Shah Nameh

Firdawsi, Persia, 1000

Shah Nameh, or “The Book of Kings” or “The Epic of Kings” is lengthy poetic work written by the Persian poet Ferdowsi around 1000 AD and is considered the national epic of the Persian speaking world. The Shah Nameh relates the the mythical and historical past of Persia and Iran from the creation of the world up until the Islamic conquest of Persia in the 7th century.

Hakim Abul-Qasim Firdawsi Tusi or more commonly Ferdowsi, (935–1020) was born in the Iranian province of Khorasan, near Baj, in 935. His father was a wealthy land owner, who raised Ferdowsi as a pious Muslim. He devoted 35 years to creating his great epic and was written to be presented to the Samanid Princes of Persia. During Ferdowsi’s work on the poem the Samanid dynasty was conquered by the Ghaznavid Empire. Ferdowsi went to Ghazni, the Ghaznavid capital, to present it to the king who allegedly showed little interest. According to historians, the king had promised Ferdowsi a dinar for every distich written in the poem but when confronted with the size of the work balked at the price and passed off a much lower fee to Firdawsi.

Another legend has it that the Ghazni king ordered Firdawsi to write an epic poem about the King’s exploits and conquests, but when Ferdawsi arrived with a complete history of the Iranians and Persians, the king became angered and refused to pay Firdawsi’s fee.

In either case, Ferdowsi rejected the money and, returned angrily and despondent to Baj.

Ferdowsi is said to have died around 1020 in poverty at the age of 90, embittered by the royal rejection, though fully confident of his work’s ultimate success and fame. Some legend hold that the king finally saw the error of his ways and sent the promised amount to Ferdowsi but he had died hours before it arrived.

Ferdowsi was buried at the yard of his own home, where his mausoleum now lies. It was not until Reza Shah Pahlavi’s rule, in 1925, that a mausoleum was built for the great poet.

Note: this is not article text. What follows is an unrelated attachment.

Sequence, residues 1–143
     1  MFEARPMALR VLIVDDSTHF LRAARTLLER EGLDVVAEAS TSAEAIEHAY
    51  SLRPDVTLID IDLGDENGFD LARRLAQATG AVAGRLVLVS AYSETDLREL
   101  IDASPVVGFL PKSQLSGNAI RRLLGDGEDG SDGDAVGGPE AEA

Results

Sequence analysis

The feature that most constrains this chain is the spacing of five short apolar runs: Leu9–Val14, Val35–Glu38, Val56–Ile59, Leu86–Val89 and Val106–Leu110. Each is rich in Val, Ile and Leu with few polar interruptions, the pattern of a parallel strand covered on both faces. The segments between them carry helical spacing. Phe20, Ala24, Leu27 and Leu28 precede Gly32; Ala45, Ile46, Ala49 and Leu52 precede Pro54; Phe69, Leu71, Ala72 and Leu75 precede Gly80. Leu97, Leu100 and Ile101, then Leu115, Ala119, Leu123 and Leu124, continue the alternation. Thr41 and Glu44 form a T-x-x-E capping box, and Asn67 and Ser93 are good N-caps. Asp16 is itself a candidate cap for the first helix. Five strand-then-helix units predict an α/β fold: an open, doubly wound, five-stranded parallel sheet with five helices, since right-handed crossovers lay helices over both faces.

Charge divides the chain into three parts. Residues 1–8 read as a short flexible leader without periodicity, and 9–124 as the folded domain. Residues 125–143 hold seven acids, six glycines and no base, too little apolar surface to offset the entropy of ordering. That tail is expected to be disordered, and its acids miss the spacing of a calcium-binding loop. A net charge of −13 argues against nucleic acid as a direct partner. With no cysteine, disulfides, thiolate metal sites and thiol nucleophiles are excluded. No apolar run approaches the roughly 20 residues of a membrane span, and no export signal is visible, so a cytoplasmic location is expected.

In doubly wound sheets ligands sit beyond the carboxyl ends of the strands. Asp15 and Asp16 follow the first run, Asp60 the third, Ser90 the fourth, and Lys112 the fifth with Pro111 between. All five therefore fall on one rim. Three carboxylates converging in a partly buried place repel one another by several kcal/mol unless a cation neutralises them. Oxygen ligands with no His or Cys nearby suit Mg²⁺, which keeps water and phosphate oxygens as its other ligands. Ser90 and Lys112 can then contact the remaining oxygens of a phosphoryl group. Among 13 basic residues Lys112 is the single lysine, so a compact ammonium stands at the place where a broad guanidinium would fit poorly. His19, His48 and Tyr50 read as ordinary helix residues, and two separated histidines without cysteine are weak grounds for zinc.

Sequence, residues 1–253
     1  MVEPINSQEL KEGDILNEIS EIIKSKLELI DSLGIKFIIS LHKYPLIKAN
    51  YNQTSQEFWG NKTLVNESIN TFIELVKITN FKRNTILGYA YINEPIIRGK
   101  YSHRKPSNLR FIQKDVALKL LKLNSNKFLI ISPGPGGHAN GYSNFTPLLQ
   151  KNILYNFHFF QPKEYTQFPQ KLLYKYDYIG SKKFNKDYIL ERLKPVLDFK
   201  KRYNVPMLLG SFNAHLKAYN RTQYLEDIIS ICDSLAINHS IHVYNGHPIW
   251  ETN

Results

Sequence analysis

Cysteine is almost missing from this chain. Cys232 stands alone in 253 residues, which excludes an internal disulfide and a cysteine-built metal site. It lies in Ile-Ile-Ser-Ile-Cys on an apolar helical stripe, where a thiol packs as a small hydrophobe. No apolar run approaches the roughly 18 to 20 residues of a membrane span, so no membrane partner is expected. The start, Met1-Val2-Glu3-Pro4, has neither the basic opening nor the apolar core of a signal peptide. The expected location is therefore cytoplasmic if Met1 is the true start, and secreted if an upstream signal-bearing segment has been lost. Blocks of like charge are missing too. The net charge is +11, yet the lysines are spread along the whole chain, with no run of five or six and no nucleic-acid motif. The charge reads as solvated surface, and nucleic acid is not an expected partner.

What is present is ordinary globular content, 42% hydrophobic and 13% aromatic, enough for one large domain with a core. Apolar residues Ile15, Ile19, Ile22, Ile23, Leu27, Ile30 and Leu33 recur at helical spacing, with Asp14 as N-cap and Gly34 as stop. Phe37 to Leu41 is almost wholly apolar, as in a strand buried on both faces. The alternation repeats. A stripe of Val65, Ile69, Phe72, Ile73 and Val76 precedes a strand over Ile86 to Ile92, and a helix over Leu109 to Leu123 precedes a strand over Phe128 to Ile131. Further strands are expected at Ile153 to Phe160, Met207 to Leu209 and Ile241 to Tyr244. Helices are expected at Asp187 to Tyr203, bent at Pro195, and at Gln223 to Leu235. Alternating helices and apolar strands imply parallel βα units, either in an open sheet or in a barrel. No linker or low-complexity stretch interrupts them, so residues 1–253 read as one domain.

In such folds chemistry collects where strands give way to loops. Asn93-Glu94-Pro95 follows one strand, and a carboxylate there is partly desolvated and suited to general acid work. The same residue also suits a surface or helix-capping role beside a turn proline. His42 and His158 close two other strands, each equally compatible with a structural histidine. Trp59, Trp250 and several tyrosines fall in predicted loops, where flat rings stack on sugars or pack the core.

Ferdowsi has a unique place in Persian history because of the influence he exerted in reviving and regenerating the Persian language and cultural traditions. His works are cited as a crucial component in the persistence of the Persian language. Today, Iranians regarded Firdawsi as the most important poet in Persian culture and his works are still widely read.

The Shah Nameh is the most popular and influential of the Iranian and Afghan national epics. It has remained exceptionally popular among Persians for over a thousand years. It tells the history of old Persia before the Arab conquest of the region. This tale, all written in poetic form and in Dari Persian, starts 7,000 years ago, narrating the story of the Persian Kings and their exploits.

The epic related mythical as well as real elements of Persian history, cultural values, and ancient religions (Zoroastrianism). Ferdowsi’s epic is probably based on a compilation of older Iranian stories. The poem also displays the strong influence of oral traditions.

The book also draws on traditions as far afield as India and shares some characters with the Rig Veda.

The actual poem consists of 60,000 couplets, and relates the history of Iran beginning woth the creation of the world, the introduction of civilization by the Aryans, the rise of kings and heroes of Persia from ancient times down to the reign of Khosrau II (590-628), and the eventual invasion of the Islamic Arabs in the middle of the 7th century. There are also verses that detail the rise of the prophet Zoroaster. Consequently this book is also important to the remaining 200,000 Zoroastrians in the world

The Shah Nameh contains 62 stories over 990 chapters, making it more than seven times the length of Homer’s Iliad. Most English translations are abridged.

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